W&L law professor Mark Drumbl‘s book Reimagining Child Soldiers in International Law and Policy, which published earlier this year, encourages a second look at how we think about child soldiers, and what effective rehabilitation and reintegration means for them. In the last week of October 2012, he lectured on the book at Cambridge, Oxford, and the University of London. The presentations connected the arguments in the book with major recent events, such as the Kony2012 video and judgments of international courts to convict and sentence high-profile defendants on charges of unlawful conscription, enlistment, or use of child soldiers. You can listen to Professor Drumbl’s Cambridge lecture here. The Oxford lecture is available here.
Professor Drumbl has written about these recent events in journals, blogs (here and here), and he has also spoken about them in you tube format. Reimagining Child Soldiers has received positive initial review, including on the Lawfare blog. Its first chapter has been translated into German for separate publication in Germany.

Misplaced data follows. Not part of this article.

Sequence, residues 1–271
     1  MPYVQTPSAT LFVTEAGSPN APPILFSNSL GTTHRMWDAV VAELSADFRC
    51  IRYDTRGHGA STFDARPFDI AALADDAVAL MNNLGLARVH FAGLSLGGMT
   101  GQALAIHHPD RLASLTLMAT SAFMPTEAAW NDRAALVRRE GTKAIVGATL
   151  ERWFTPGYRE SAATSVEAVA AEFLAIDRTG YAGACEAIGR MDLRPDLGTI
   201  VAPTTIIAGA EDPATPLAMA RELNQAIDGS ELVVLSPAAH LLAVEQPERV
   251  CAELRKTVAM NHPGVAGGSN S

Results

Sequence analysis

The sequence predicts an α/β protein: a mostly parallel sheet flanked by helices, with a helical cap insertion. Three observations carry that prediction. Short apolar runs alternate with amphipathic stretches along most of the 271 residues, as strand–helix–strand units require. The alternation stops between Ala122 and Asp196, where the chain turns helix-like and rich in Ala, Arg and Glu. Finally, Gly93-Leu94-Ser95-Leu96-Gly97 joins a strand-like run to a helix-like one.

In September 2012, Prof. Drumbl spoke and chaired a panel discussion at a major conference held in the Peace Palace in The Hague, Netherlands, convened to discuss the Tenth Anniversary of the International Criminal Court. He also participated in an on-line symposium on the question whether atrocity perpetrators who spare some group members should have that factor considered in mitigation of sentence. His comments are here.
Professor Drumbl was recently appointed to the Advisory Committee on Global Engagement of the Association of American Law Schools (AALS). The mandate of this committee is to present to the AALS Executive Committee a new approach to the internationalization of legal education in light of the changing demands on the legal profession.